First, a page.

# Introduction to Prooftoys Proofs

This page introduces you to the language used in the Prooftoys system, viewing and exploring proofs, and using the interactive proof builder.

## The language

For more complete information see the language documentation in the project Wiki.

Aside from variables and constants, the language has only function calls and function expressions. The parser and printer support infix operators, which are represented internally as function calls.

Infix operators. Infix operators available in order of increasing precedence are:

• `==` (equivalence, displays as "==")
• `=>` (implication, displays as "=>")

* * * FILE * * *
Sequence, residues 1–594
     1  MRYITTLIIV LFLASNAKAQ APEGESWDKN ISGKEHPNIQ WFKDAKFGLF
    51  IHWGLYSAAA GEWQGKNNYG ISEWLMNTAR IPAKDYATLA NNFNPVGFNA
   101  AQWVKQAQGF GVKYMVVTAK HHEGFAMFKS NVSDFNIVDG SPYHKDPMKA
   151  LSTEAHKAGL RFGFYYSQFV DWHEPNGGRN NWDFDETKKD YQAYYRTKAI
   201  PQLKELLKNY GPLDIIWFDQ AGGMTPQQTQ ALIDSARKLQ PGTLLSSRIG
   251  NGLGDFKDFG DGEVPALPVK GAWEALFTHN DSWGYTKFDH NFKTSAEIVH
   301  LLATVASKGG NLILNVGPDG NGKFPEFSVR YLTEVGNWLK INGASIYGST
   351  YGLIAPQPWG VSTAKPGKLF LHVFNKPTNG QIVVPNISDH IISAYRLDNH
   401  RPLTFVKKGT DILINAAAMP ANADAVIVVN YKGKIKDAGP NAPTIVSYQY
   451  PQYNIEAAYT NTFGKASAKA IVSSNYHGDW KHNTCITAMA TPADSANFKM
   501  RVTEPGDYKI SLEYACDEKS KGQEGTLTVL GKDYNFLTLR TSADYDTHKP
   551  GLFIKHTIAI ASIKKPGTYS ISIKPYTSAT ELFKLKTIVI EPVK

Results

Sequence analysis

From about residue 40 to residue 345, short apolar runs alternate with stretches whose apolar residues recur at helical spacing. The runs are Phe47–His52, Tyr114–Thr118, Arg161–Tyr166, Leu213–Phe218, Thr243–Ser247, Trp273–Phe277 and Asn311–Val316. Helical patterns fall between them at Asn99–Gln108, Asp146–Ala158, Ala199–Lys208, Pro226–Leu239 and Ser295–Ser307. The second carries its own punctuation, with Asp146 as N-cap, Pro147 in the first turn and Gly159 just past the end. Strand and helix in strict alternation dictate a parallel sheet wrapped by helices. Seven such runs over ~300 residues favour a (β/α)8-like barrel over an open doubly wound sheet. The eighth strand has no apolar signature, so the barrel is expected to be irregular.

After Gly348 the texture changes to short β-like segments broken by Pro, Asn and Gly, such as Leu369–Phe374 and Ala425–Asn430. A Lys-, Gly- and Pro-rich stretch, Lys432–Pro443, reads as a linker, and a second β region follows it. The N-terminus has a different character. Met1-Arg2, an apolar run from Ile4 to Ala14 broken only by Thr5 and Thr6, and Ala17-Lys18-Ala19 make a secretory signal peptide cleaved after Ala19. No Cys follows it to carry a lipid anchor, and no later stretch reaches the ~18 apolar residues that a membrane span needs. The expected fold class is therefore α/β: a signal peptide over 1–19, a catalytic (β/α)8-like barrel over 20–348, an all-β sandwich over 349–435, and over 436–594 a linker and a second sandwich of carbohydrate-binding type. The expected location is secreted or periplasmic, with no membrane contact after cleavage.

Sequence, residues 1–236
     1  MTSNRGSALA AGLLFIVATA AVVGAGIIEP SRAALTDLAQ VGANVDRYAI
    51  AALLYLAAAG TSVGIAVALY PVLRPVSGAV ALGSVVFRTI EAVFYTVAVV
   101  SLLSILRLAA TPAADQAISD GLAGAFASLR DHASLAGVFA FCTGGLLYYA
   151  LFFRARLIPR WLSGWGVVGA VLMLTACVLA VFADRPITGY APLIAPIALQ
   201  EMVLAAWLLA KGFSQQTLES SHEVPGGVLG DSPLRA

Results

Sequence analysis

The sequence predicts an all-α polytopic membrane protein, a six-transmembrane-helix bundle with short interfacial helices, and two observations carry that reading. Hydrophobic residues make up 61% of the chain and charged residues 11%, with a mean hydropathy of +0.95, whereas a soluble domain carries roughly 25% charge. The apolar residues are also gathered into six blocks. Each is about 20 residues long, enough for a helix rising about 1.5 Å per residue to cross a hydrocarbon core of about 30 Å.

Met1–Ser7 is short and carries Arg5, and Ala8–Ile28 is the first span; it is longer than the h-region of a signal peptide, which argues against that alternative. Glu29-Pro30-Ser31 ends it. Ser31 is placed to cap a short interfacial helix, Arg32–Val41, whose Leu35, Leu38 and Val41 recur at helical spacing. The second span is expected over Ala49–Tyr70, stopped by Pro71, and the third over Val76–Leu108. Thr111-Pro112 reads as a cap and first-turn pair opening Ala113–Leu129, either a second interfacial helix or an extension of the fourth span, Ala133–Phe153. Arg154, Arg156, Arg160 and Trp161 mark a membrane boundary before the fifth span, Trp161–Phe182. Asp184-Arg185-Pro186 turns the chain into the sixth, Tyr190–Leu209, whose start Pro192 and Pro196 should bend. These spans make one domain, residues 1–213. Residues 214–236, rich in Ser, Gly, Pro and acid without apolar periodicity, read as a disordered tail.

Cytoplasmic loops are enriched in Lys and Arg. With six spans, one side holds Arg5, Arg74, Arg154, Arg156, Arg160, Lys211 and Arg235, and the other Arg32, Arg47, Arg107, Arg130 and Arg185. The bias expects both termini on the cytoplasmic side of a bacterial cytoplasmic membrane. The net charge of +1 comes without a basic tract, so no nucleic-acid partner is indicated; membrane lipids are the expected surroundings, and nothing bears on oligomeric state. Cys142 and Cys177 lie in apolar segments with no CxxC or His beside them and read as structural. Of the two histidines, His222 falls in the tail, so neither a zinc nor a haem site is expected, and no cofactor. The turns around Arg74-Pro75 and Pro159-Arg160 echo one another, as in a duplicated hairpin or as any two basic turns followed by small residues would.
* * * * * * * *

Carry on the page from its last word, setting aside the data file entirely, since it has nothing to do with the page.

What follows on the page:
• `|` (or)
• `&` (and)
• `= != < <= > >=` (equality and relational operators)
These display as = != < ≤ > ≥ respectively.
• `+ -`
• `* /`

Negation ("not"). Negation is represented by not, and acts like any other function. So "x is not red" might be expressed in Prooftoys as not (red x). Like the Prooftoys functions for "and", "or", its input is a true/false value and so is the value of its result.

Function calls. Ordinary function calls look like (f x) or f x. An expression such as sin x / 2 has the same meaning as (sin x) / 2, not sin(x / 2). We say that function calls have higher precedence than infix operators, just as multiplication has higher precedence than addition, so that when some parentheses are omitted in an expression such as x + 2 * y, it has the same meaning as x + (2 * y).

Forall and exists. These quantifiers are entered as `forall` and `exists`, and display as the usual mathematical symbols and . In Prooftoys the typical math notation x P(x) is entered as `forall {x. P x}` or `forall {x. (P x)}` and displays as forall {x. P x} or forall {x. (P x)}.